Title: The news leader
Full Citation
Permanent Link: http://ufdc.ufl.edu/UF00079942/00117
 Material Information
Title: The news leader
Uniform Title: News leader (Homestead, Fla.)
Physical Description: Newspaper
Language: English
Publisher: Homestead News, Inc.
Homestead News
Place of Publication: Homestead, Fla.
Homestead Fla
Publication Date: February 8, 2008
Copyright Date: 2008
Frequency: semiweekly
Subject: Newspapers -- Homestead (Fla.)   ( lcsh )
Newspapers -- Miami-Dade County (Fla.)   ( lcsh )
Genre: newspaper   ( marcgt )
Spatial Coverage: United States -- Florida -- Dade -- Homestead
Coordinates: 25.471189 x -80.468122 ( Place of Publication )
Dates or Sequential Designation: -55th year, no. 20 (Mar. 10, 1966).
General Note: Description based on: Vol. 50, no. 61 (Jan. 2, 1962).
 Record Information
Bibliographic ID: UF00079942
Volume ID: VID00117
Source Institution: University of Florida
Holding Location: University of Florida
Rights Management: All rights reserved by the source institution and holding location.
Resource Identifier: oclc - 34296549
alephbibnum - 898072
lccn - sn 96027191
 Related Items
Preceded by: Homestead news (Homestead, Fla.)
Preceded by: Homestead leader-Perrine post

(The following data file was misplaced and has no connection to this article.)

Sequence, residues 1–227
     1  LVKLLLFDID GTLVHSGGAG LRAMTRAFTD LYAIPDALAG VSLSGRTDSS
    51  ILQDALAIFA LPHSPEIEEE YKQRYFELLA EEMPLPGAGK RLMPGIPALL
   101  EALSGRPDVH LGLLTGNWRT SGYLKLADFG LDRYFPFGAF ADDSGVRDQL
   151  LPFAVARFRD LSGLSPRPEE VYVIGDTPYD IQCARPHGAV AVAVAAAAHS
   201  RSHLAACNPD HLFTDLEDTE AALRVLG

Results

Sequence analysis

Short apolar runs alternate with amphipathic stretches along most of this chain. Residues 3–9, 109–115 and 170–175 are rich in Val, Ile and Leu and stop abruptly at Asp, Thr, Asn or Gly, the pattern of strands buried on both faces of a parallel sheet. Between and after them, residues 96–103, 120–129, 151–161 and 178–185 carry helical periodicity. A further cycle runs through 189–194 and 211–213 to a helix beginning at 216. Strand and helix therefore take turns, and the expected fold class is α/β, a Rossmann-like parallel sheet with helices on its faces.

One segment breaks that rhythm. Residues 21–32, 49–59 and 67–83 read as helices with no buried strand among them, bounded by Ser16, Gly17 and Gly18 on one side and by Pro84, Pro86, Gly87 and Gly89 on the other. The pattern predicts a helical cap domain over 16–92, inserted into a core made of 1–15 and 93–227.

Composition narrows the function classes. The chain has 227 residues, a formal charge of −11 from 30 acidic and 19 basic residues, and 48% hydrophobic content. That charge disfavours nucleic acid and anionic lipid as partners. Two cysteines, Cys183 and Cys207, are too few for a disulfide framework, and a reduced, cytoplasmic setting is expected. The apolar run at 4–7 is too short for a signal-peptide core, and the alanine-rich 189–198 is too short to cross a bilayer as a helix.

Succeeded by: South Dade news leader

Full Text







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"Copyrighted Materla

Pirates sail

to semifinal
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Island tour

of homes

American Profile



A 93-pound black drum
landed by Stella Moore would
have established a new world
record had it been properly
registered with the
International Game Fish
February 6 1958

With two condominium
developments planned, city
officials faced expanding the.
sewer plant's capacity or a
moratorium on building per-
mits by the Environmental
Protection Agency.
February 9, 1983

City and county commis-
sioners agreed to hash out
their differences over the,
location of the country court-
house and administration
building with a media r.
February 11. 1998

OBIT'.,\Rirs 2A
OUT AN D ABOT ...................1B

154thyear. No.12
Copyright.2007 '
The News-Leader
Fernandina Beach. L
Printed on 100%
recycled newsprint.

'Practice makes perfect,

or was it providence 7

FBMS student

wins county